• A checking facility that takes a model as input and produce a diagnostic of how this model satisfies some verification constraints as output.
  • A workflow component that may provide coordination between other MDSD tools (orchestration, etc.). More generally any solution to the general fragmentation problem arising from the usage of a huge number of different DSLs (MDE component coordination).
  • Tools that support capture, modification or application of particular DSLs like feature models.

Any component that may be combined with the previous ones, either in stream-based, service-based or event-based interconnexion mode is a potential contribution to the GMT project.


History of the GMT Project

The GMT project was initially created by a group of people that met at OOPSLA in 2002:

  • Jorn Bettin, SoftMetaWare, New Zealand
  • Ghica van Emde Boas, Bronstee.com Software & Services, The Netherlands
  • Ed Willink, Thales, UK
The founders of GMT initially created a structure composed of core contributors, associate researchers and sponsors.

In addition to the founders, the following persons participated to these groups:

  • Core contributors:
    • Frederic Jouault, INRIA and University of Nantes, France
  • Associated Researchers:
    • Aditya Agrawal, ISIS, Vanderbilt University, USA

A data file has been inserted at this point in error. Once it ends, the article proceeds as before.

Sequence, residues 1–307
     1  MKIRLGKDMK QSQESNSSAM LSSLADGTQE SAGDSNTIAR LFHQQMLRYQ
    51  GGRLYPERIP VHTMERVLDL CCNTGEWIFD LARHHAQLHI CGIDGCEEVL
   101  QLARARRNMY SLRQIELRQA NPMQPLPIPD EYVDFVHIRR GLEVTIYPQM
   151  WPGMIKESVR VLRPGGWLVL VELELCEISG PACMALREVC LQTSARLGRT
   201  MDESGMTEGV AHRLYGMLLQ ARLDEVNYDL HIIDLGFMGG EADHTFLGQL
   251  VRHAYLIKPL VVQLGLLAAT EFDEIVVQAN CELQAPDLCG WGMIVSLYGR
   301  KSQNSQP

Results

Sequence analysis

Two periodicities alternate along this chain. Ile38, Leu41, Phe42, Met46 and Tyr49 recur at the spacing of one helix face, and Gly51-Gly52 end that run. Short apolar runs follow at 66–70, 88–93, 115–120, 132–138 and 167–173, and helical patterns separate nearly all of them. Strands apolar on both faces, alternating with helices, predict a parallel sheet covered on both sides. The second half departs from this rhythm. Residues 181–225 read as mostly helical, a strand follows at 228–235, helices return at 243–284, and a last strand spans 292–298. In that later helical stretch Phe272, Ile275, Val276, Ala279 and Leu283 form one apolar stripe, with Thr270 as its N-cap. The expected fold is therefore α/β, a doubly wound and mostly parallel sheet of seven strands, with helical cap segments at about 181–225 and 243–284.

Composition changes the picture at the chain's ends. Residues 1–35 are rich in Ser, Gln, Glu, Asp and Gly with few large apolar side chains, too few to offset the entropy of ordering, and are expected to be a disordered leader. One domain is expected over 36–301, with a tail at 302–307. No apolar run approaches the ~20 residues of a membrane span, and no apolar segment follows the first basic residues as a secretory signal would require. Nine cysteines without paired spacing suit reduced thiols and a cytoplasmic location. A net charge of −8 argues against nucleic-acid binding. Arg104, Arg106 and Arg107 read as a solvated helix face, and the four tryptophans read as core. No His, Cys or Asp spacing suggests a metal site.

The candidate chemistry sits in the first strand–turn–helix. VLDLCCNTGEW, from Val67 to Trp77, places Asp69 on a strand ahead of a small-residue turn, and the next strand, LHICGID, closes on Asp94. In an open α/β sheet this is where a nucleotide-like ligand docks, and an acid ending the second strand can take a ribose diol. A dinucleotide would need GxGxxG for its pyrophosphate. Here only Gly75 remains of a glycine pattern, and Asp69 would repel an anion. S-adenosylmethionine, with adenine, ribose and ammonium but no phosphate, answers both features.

• Wei Zhao, Department of Computer and Information Sciences, University of Alabama at Birmingham, USA
  • Sponsors:
    • Jean Bézivin, INRIA/ATLAS, University of Nantes, France
    • Brian Barry, Eclipse Technology PMC, Object Technology International
    • Gabor Karsai, ISIS, Vanderbilt University, USA
    • Krzysztof Czarnecki, Dep. of Electrical & Computer Engineering , University of Waterloo, Canada

In a next phase, the GMT project was managed by Ghica van Emde Boas and Jorn Bettin. Ghica and Jorn managed to raise the level of GMT by starting integrating new subprojects, giving the initial direction and focusing on the production of MDE prototypes. Several documents produced in the early period of the project remains of interest ( Software requirements specification 0.1, GMT poster displayed at OOPSLA 2003, GMT Overview, etc. ).

The present project lead for GMT is Jean Bezivin (INRIA & University of Nantes) since 2005.

Freddy Allilaire is currently helping the GMT project with the role of parttime webmaster.